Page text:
Contractor Compliance Conundrums

two contractors in hard hats look at information on a tablet device

While facilities managers are often expected to be a jack-of-many trades, it’s not possible to be a jack of ALL trades. As such, engaging contractors becomes a critical part of the role.

In a world of evolving regulatory requirements and liability, the list of compliance checks required for working with contractors continues to grow. These regulations of course, exist to create safer work environments for all.

However, as the number of metaphorical balls we have to keep in the air increases, so too does the chance of dropping one.

These are some of the common compliance considerations when it comes to working with contractors.

What do we mean by contractor compliance?

Whenever your organisation engages a contractor, there will be a set of requirements, from various bodies, that the engagement needs to align with. These requirements follow a hierarchy of Federal, State, Local, and Organisational policies.

When we talk about compliance in this context, we’re talking about whether an engagement between your organisation, and an external contractor, aligns with recommended standards.


Much like many corporate roles, a person can study to achieve a qualification in a trade. However, while in some other professions, these accreditations are not just a nice to have, but a compliance requirement.

Contractors can obtain accreditation by proving to the Federal Safety Commissioner that they are adhering to best practice workplace health and safety systems and practices.

To check if a contractor is accredited, you can look them up on the Federal Accreditation Register.


Like accreditations, each state will regulate which trades require specific licences to conduct work. As with accreditation, licences are specific to the state, and nature of the work being conducted.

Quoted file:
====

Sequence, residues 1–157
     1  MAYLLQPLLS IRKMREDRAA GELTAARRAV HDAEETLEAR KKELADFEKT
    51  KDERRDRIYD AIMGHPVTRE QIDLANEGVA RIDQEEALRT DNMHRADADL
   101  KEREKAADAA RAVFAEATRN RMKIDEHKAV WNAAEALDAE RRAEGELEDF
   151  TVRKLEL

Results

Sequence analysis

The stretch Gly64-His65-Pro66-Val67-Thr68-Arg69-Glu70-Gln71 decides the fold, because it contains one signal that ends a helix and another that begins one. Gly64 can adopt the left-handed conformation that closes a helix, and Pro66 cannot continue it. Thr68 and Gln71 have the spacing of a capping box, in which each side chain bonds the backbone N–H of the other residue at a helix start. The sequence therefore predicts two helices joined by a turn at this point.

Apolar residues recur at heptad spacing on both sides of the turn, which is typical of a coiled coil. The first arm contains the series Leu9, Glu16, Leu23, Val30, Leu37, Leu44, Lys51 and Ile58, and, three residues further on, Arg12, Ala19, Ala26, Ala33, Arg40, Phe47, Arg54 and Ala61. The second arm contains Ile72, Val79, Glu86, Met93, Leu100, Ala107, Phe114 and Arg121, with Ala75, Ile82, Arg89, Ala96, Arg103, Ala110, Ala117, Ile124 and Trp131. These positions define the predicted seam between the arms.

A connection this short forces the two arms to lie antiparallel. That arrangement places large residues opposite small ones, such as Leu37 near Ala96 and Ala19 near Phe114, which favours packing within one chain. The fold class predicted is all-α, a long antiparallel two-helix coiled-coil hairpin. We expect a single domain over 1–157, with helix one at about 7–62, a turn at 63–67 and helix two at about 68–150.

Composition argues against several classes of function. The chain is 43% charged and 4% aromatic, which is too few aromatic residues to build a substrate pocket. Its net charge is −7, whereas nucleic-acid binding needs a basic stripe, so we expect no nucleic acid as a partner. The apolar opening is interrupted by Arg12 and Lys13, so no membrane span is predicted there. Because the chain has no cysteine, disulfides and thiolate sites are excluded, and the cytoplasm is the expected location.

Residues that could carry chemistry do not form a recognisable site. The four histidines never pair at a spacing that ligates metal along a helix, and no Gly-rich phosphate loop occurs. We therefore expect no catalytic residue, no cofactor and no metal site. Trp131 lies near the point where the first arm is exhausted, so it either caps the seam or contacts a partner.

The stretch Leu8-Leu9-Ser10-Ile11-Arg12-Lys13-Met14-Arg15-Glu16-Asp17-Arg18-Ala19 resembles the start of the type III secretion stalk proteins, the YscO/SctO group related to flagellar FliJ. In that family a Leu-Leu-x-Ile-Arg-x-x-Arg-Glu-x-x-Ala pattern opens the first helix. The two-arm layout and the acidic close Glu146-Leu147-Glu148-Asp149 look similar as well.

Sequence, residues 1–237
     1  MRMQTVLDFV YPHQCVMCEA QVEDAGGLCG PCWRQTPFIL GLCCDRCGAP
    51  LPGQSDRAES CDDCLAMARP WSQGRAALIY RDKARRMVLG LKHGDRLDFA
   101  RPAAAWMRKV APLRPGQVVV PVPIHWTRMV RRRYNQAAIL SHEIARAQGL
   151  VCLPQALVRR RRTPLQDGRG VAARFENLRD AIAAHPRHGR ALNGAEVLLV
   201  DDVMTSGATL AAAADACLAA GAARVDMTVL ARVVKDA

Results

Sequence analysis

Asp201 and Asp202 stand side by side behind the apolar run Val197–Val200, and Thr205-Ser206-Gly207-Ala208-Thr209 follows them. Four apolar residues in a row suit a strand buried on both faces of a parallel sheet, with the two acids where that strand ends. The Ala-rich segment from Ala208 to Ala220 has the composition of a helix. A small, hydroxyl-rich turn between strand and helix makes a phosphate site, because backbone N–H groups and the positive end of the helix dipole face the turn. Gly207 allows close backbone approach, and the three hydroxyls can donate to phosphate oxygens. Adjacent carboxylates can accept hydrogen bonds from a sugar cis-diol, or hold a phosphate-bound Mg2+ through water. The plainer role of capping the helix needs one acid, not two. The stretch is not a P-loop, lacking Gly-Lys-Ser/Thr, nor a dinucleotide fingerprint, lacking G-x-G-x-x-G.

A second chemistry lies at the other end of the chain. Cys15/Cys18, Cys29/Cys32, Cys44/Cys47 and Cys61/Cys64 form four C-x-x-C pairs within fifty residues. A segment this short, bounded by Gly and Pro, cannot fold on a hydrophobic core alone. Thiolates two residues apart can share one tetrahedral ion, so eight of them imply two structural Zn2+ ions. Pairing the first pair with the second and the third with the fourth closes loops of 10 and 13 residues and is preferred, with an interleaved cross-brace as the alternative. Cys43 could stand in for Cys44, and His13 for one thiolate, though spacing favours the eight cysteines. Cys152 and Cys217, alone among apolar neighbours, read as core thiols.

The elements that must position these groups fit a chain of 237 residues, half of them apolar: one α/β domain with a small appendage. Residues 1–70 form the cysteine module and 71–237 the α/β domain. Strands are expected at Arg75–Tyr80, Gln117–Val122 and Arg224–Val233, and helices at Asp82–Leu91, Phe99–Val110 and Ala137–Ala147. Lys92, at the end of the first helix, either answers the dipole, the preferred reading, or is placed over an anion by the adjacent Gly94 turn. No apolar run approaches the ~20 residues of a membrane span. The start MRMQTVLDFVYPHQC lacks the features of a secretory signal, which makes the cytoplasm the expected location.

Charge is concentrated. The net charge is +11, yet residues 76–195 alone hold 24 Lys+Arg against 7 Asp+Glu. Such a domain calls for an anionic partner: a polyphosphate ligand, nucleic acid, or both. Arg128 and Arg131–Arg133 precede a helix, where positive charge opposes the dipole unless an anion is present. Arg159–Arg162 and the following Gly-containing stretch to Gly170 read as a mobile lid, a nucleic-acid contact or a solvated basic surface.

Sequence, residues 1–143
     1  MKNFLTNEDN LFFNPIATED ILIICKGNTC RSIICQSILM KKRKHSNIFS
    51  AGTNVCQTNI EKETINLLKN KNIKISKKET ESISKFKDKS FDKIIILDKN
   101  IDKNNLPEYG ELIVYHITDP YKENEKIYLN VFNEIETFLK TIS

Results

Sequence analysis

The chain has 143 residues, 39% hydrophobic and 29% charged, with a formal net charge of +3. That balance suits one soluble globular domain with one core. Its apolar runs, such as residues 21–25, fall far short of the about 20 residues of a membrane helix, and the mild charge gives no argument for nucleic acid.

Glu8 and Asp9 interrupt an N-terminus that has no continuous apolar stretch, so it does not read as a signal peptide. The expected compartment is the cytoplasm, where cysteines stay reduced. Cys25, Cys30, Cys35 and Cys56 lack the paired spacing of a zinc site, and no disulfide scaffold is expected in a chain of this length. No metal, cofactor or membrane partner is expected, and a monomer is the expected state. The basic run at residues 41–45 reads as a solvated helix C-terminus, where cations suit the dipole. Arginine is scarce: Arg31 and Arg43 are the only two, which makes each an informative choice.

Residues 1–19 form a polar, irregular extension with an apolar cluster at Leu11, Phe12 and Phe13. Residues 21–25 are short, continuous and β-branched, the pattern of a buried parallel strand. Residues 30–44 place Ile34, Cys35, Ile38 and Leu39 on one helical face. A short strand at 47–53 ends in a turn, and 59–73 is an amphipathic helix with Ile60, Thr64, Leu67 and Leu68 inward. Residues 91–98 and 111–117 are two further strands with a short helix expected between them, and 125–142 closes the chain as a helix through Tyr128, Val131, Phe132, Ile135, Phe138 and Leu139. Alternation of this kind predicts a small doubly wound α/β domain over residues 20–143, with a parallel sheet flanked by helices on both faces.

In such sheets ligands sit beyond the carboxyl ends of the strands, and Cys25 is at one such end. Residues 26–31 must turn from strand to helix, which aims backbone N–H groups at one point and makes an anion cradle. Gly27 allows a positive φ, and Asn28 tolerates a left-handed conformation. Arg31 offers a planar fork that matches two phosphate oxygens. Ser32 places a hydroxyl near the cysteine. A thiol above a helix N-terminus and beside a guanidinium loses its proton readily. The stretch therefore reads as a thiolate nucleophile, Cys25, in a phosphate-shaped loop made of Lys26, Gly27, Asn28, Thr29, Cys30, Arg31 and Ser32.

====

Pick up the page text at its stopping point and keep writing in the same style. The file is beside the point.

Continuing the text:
Contractors performing work must hold a licence of the appropriate class and type for the work they are performing.

You will be able to check the validity of a contractor’s licences by looking up their licence number. Licences are administered at a state level, so look up your state’s building authority for the relevant register.  


In Australia, workers compensation insurance is required by law for anyone with employees. When formalising agreements with your contractors, it is critical to ensure that they are appropriately covered by workers compensation insurance.

In addition to workers compensation insurance, contractors may also be required to purchase public liability insurance.


Inductions help to ensure that anyone conducting work in your facility is aware of potential hazards and risks. Before a contractor conducts any work, they must go through the necessary training in line with company policies.

Inductions need to cover certain things, such as hazards and risks, safe work practices and work health and safety legislation.

You may have multiple layers of inductions at your facility. For example, you might have an initial induction, an induction for specific equipment or spaces, and a take five procedure.


Depending on the nature of the work to be conducted, you may also have to implement a Permit to Work system. This administrative process ensures that contractors performing non-routine work have been made aware of any potential hazards, and necessary precautions.

Permits to Work might be necessary if the work to be conducted involves heat, heights, chemicals etc. In situations where risk is elevated, a stringent Permit to Work system can help to reduce the risk of an incident occurring.